Dena: The problem is, there’s no real mechanism to bring them together. Right before COVID, Jim, Cynthia Scherr and other business owners started Southern Oregon E2E (Entrepreneur to Entrepreneur) with monthly visits to talk about business issues. It was really starting to get some legs and then COVID hit.

Q: What drives you?

Jim: Getting the community we love connected, so we don’t go backwards or get left behind. When you have technology and the level of education that we have in Southern Oregon, good things happen. Southern Oregon has great education, great businesses and great stories. Stories like what Ken Trautman and Mike Sickles did when they started People’s Bank, or Sid DeBoer and Lithia Motors. There’s story after story of people who have built great things here.

Dena: We’re involved in the 4-H program. It’s insane how much money businesses spend for those kids. It’s about the kids. Our community is there to support schools and kids. Really, it’s special.

Q: Project A was selected as a top 10 e-commerce provider. How did that come about?

Jim: Nothing scares us. We have clients all over the world. E-commerce is very stressful because there is zero tolerance for problems from security to technology to customer satisfaction. There’s so much competition. We build technology solutions that are a seamless experience for the customer. We have a reputation for really great work done really fast.

Dena: Dr. Martens, the shoe company based in the United Kingdom, is our number one client. Several years ago, they decided to change e-commerce platforms — “if you guys can’t do it, we’re going to go somewhere else.” It was a platform our programmers had never used. Jim learned it and figured it out. We have an amazing team at Project A. Over the years we have become experts in this new e-commerce platform.

Q: One of your employees said, “Jim and Dena think about community first, rather than how getting involved in the community will improve their business.”

Jim: Being a community leader is a privilege and a requirement of living here. We have so many role models. For decades, we have watched what Sid and Karen DeBoer have done for the community. If you want to live here and have an amazing quality of life, you give back. It’s in our DNA, literally. I respect those who have given and still give. They inspire me to do more every day.

Dena: We struggled for years just keep afloat, so we’ve helped more with our time than our finances because that’s what we had. You’re not just put on Earth here to make money and make yourself happy. You’re put on Earth here to contribute to the world. That’s a core value that we both share.

Q: What are your hopes and dreams for Southern Oregon?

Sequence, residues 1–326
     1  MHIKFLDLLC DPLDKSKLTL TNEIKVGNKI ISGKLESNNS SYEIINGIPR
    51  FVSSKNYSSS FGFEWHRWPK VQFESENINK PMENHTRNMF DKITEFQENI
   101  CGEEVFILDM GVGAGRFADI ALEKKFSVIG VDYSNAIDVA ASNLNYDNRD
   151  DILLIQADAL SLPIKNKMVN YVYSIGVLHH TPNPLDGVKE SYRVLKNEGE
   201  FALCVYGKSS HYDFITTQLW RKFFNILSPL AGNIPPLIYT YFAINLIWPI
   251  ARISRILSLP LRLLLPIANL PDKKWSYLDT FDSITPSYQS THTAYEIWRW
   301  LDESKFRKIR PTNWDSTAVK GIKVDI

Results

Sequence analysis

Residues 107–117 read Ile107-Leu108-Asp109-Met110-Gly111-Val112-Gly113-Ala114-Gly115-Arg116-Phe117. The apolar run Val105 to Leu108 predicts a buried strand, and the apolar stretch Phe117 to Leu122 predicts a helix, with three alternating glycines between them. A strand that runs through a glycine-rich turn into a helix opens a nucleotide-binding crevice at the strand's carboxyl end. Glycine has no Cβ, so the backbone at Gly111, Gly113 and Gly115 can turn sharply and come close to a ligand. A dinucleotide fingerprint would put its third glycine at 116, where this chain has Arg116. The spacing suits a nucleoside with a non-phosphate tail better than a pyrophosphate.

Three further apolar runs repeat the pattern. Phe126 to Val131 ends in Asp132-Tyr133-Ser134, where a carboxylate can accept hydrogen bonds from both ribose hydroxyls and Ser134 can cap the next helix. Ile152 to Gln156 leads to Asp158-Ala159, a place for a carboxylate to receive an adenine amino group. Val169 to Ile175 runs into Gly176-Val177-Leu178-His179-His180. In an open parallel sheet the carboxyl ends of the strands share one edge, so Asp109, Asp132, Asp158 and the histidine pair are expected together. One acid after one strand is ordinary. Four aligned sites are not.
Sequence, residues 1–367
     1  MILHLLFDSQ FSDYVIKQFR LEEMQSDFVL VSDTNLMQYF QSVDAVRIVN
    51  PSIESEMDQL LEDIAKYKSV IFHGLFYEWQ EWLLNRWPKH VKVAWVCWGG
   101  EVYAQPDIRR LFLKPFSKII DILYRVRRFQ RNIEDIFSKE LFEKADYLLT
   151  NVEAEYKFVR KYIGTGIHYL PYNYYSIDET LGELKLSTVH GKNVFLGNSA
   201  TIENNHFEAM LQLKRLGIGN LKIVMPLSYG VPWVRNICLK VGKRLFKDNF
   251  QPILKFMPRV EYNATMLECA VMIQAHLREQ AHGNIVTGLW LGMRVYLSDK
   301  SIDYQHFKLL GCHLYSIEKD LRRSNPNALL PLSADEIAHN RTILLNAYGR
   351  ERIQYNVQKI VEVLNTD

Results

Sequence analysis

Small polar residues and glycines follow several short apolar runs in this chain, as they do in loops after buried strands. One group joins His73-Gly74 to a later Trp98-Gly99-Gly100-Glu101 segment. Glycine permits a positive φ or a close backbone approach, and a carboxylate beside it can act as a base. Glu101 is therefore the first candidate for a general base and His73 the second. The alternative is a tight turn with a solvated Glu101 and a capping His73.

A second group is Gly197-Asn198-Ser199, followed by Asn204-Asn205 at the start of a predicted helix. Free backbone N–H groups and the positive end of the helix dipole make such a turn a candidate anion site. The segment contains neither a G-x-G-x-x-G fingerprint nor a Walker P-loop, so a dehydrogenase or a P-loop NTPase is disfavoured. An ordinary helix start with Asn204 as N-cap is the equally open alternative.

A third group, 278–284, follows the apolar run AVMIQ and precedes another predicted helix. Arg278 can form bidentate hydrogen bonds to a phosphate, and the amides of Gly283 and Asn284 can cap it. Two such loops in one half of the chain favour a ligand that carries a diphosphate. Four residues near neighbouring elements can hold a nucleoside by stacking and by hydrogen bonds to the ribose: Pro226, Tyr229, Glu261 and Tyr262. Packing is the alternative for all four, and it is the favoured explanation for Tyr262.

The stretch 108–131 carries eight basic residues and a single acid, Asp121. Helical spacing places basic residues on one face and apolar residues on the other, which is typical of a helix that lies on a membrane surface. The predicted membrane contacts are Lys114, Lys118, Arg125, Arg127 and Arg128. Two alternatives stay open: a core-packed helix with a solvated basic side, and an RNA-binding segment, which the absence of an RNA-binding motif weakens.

Dena: Water.

Jim: To help Southern Oregon be a place that encourages entrepreneurs and innovators to come here. Honor and learn from your past, but constantly seek change and growth. If there are innovators and intelligent people who want to work together and solve real community problems, let’s bring them in. Let’s be inviting. When we first moved here, Dena and I fell in love with the people because of the way they treated us.

Dena: Ashland is unique, but there’s a lot of unique small towns. I just got back from Enterprise. Small towns each have their uniqueness and charm. Hopefully, small towns keep growing but maintain their quaintness and vitality.

Jim: Southern Oregon has its own identity that’s different from the Willamette Valley, that’s different from Eastern Oregon. We can keep our identity and evolve and change. We can create a healthier community and at the same time honor the past.

Q: What do you think is the biggest challenge in our region?

Jim: I’d say equity or access to technology. I got involved 20 years ago with the Ashland Fiber Network because I didn’t want Southern Oregon to fall behind. Ashland Fiber Network meant that Charter had to step up and invest millions more than they had in other communities.

Dena: Affordable housing. I’m not talking about low-income housing. We pay our employees a decent wage. When our employees feel like they can’t afford to live here, that’s a problem.

Q: What’s clearer to you now?

Dena: Keeping strong relationships in the community is very important and very clear.

Jim: One person, with access to technology, can truly change the world, and it doesn’t matter where you live. Also, the magic of a small town is clear. The integrity of people in small towns is higher because you see each other every day.

Dena: You hold yourself to a higher standard in a small town because you don’t want to disappoint the people you know.

Steve Boyarsky is a retired educator and longtime resident of the Rogue Valley. He continues to be involved in educational and youth programs.

Biographies at a glance

Companies Jim Teece and Dena Matthews own and operate:

Project A – e-commerce and database driven mission critical departmental solutions

Ashland Home Net – Internet, cable TV and phone service in Ashland

Rogue Broadband – Wireless internet for rural Jackson County

Umpqua Broadband – Wireless internet for rural Douglas County

Southern Oregon Business Journal

Current boards

Jim: Jackson County Fair & Expo (past chair), Southern Oregon University Foundation (VP), Northwest Telecommunications Association (past chair), Rogue Valley Manor Foundation, People’s Bank of Commerce

Dena: Hope Equestrian Center (board president), 4-H leader with the Ashland 4H group

Jim’s past board involvement: Asante Foundation, Ashland Independent Film Festival (chair), Ashland Chamber of Commerce (chair), Jefferson Public Radio Listeners Guild, Southern Oregon Telecommunications and Technology Council (chair), Software Association of Oregon & Southern Oregon Chapter (chair)

Jim and Dena have two adult children and a 1-year-old grandson. They have lived on a small farm by Emigrant Lake for nearly 30 years, with horses, goats, chickens and dogs.